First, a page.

The COVID-19 pandemic has brought upheaval to healthcare, economics, and politics. Marketing is tumultuous as well with numerous industries, such as hospitality, traditional retail, and entertainment, suffering severe downturns.
Marketers are hoping for post-pandemic rebounds, but changes in the external forces comprising the marketing environment may be long-lasting, creating the proverbial “new normal.” WFH—Work from Home—has been the professional status for millions since spring. But unlike schooling from home which will wind down when the pandemic ends, WFH is showing signs of permanence.
The external forces driving WFH:
- Technological: Digital devices, broadband internet, and cloud computing have enabled the diffusion of workforces. Telecommuting is not a new phenomenon, but the tech behind it allowed the rapid emptying of traditional offices.
- Economic: Companies can reduce real estate costs by continuing WFH—in short, transferring the financial burden of office space to workers. Many organizations are planning to reduce their footprint.
- Sociological: Many workers are enjoying the convenience and flexibility of WFH. Commuting time becomes time for self care and family.
More profound transformations loom as workers reconsider the “H” in WFH, addressing affordability and congestion while remaining employed and productive. Large corporations congregate in major metros with high housing prices and heavy traffic. These burdens are particularly acute in the San Francisco Bay Area surrounding Silicon Valley. Now the companies powering the WFH movement are loosening office requirements for their own workers. The result: people are moving out of the Bay Area and keeping their coveted jobs.
WFH has spawned a new buzzword: Zoom Town, a housing market booming with newly arrived remote workers (by now, everyone should be familiar with Zoom, the ubiquitous video conferencing platform powering meetings, lectures, small church groups, and other pandemic-era virtual gatherings). Some zoom towns are toney getaways like the Hamptons and Aspen, CO. But any town can become a zoom town with the right mix of amenities.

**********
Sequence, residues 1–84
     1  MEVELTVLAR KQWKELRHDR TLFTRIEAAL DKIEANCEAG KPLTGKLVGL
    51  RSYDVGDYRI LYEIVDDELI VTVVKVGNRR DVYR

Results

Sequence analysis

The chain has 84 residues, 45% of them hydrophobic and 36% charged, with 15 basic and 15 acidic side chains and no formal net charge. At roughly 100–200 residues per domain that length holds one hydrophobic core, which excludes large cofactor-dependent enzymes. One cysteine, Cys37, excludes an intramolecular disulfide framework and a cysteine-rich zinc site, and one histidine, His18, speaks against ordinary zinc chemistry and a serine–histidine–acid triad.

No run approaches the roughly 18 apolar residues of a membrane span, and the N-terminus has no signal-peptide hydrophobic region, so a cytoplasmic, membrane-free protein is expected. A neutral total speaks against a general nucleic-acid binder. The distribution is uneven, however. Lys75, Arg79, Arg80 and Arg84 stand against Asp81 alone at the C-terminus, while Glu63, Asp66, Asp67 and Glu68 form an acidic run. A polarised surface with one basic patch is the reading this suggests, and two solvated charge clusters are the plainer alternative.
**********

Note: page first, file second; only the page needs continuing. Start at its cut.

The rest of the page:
Per SWOT analysis, zoom towns create opportunities for some—overall businesses in destination communities, the tech companies we use to connect, manufacturers of home office furniture. Zoom towns create threats for others—commercial and residential real estate owners in cities experiencing exodus, businesses dependent on workers in current corporate hubs. Market environmental forces are shifting. Marketers must shift with them.
Genesis 19:22 ESV
Escape there quickly, for I can do nothing till you arrive there.
Can working from home make people more productive while improving their quality of life? If so, should this lifestyle also improve their walk with the Lord?
Do you think WFH is a permanent change in American society? How should Christian marketers deal with the trend when it presents opportunities? When it presents threats?
Zoom call photo by Office of Ruben Gallego, United States Congress – https://twitter.com/RepRubenGallego/status/1248049820855603204/photo/1, Public Domain, https://commons.wikimedia.org/w/index.php?curid=92600208
Apple HQ photo by Daniel L. Lu (user:dllu) – Own work, CC BY-SA 4.0, https://commons.wikimedia.org/w/index.php?curid=69553418